I am sure that the Minister will have a response.
What is needed in the sector is a level playing field that benefits consumers, suppliers and retailers in the long term. The Minister should ensure that the adjudicator and others, including Ministers, intervene in the short term to ensure long-term success. The adjudicator review is due in March. I hope, as I am sure do all Members who have spoken, that when the review is concluded, changes will be made that address the concerns raised here and by those in the supply chain on behalf of business and consumers. I look forward to hearing her response.
The Minister for Small Business, Industry and Enterprise (Anna Soubry)
It is, as ever, a pleasure to serve under your chairmanship, Mr Gray. I sat through some of the previous debate and was looking forward to this one on the basis that my job would not be as difficult as that of the Minister in that one. I fear that I was mistaken. As you have heard, Mr Gray, everybody has ganged up on me. [Hon. Members: “Aww.”] I am not complaining particularly, because I think I have robust rebuttals to some of what has been said.
Given that, as ever, I have 10 minutes, the usual rules will apply. My hon. Friend—he is my hon. Friend—the Member for Strangford (Jim Shannon) will know my rules, which are that if I do not answer any questions or points raised by hon. Members from whatever party, they will of course receive an answer in a letter. It is always good to say that, because I can simply put off the more difficult ones to another time by putting the answers in a letter.
Being serious, and with great respect to everyone who has spoken—particularly my hon. Friend the Member for York Outer (Julian Sturdy), whom I congratulate on securing this debate—I think that there are some fundamental misunderstandings about the Groceries Code Adjudicator. I will be even more controversial, and a little churlish, by saying that I am sure that the adjudicator is looking forward to appearing before my hon. Friend the Member for Tiverton and Honiton (Neil Parish) and his Committee. Clearly, nobody else here has met Christine Tacon. I have had the great pleasure of meeting her. She is a lady who takes no prisoners, and she is forthright not only in her views but in defence of the great work that she does. She is a formidable player, and in her we have an excellent first adjudicator.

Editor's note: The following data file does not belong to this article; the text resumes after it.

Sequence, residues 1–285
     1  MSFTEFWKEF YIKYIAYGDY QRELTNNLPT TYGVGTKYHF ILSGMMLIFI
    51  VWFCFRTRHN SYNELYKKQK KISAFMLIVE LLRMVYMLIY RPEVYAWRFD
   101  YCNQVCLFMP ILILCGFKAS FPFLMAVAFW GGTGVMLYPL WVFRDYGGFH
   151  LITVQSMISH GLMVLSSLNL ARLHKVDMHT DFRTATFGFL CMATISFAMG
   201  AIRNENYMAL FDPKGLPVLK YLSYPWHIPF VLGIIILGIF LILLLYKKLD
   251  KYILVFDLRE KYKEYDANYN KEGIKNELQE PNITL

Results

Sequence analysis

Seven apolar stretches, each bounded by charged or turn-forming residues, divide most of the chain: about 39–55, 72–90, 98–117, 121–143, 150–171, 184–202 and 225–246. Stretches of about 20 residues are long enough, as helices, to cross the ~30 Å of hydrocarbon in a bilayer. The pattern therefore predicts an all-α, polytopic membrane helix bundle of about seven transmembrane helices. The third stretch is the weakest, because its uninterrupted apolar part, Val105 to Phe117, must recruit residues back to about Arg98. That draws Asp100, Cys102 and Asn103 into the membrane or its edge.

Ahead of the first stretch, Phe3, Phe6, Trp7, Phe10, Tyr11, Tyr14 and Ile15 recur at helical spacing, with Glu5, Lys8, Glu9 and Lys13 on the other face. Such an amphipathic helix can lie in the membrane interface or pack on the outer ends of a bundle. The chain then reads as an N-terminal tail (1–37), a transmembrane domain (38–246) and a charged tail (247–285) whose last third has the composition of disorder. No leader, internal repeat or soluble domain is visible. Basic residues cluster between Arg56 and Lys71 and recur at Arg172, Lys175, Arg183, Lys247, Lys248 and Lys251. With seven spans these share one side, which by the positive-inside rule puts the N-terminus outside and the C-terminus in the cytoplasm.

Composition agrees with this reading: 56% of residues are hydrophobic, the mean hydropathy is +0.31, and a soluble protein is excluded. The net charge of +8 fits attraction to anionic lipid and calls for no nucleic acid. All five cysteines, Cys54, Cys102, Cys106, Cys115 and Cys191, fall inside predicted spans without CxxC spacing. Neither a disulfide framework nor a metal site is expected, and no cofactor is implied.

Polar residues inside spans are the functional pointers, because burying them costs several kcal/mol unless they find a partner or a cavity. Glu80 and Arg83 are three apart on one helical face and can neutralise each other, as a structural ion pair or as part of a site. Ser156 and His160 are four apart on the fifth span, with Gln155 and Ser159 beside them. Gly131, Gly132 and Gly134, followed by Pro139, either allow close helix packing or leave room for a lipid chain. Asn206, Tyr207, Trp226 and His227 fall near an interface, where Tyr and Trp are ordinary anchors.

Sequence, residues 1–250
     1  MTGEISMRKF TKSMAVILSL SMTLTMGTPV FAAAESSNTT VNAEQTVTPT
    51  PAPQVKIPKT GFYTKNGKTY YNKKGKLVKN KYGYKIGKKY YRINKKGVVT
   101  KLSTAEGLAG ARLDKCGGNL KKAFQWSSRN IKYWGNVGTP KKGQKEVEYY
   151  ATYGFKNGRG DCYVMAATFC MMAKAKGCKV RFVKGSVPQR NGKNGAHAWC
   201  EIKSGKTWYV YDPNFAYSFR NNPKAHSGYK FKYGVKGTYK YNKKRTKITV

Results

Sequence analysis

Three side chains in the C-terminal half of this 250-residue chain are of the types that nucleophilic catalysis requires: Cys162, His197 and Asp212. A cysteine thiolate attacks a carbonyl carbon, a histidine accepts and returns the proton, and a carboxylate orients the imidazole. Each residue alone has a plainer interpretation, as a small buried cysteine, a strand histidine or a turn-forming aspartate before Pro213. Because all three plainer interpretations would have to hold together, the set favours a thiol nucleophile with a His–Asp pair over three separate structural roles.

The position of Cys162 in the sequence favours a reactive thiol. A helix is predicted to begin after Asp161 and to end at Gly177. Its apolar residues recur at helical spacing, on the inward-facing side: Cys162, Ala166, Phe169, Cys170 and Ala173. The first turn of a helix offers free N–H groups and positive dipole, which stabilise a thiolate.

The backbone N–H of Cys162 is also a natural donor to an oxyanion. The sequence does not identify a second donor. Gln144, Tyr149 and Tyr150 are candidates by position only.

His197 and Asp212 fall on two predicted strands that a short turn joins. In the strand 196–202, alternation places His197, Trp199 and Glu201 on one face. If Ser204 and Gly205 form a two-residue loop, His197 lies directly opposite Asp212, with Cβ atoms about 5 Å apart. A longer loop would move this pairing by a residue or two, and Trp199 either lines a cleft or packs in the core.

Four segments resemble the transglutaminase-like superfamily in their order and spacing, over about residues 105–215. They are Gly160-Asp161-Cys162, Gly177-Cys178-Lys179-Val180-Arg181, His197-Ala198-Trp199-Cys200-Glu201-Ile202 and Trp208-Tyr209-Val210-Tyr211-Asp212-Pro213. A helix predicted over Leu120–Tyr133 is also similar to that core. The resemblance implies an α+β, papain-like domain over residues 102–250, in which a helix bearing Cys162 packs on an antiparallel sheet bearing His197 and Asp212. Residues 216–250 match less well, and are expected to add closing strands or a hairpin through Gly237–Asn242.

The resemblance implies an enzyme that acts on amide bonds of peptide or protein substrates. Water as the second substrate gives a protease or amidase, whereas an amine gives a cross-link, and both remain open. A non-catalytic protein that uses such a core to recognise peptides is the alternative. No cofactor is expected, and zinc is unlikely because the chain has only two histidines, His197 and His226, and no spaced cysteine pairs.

I point out the following facts. The Groceries Code Adjudicator and her team are funded wholly by a levy on the 10 designated retailers, as outlined by my hon. Friend the Member for York Outer. The levy for 2015-16 has been set at £1.1 million, but the important point is this: the adjudicator decides for herself what her resource requirements will be for each year, based on her assessment of forthcoming work. They are approved by the Department for Business, Innovation and Skills, and then the amount is levied on the retailers. She is very much in charge.
I was looking at the Groceries Code Adjudicator website only today. I noted that in her report published today on her work over the last three months, she says, for example, that she has just appointed a new compliance officer. I urge hon. Members to read her three-monthly report to see the great advances that she is making. There is also scope to bring in additional resource if required, for example to help with investigation work. The adjudicator is satisfied that she has adequate resources and with the process for agreeing those resources with BIS. She has made that clear. It is up to her: if she is not satisfied, or thinks that she does not have enough, she can say so. If we agree, and there is no reason why we would not, she can increase the levy on those supermarkets. She has those powers.
The adjudicator also has powers to initiate her own investigations where she has reasonable grounds to suspect a breach of the code. That can be based on, but is not restricted to, information from direct and indirect suppliers, whistleblowers and the public domain. I argue that despite the complaints made by some, she has the ability to take complaints from other sources. In addition, it is clear from the Groceries Code Adjudicator Act 2013 and the guidance that the investigation threshold is determined by the adjudicator herself, which means she can be proactive in her approach.
The point I was making was not so much about whether the adjudicator is able to take these complaints but that those who are making the complaints are too identifiable by the big retailers and therefore are not prepared to come forward.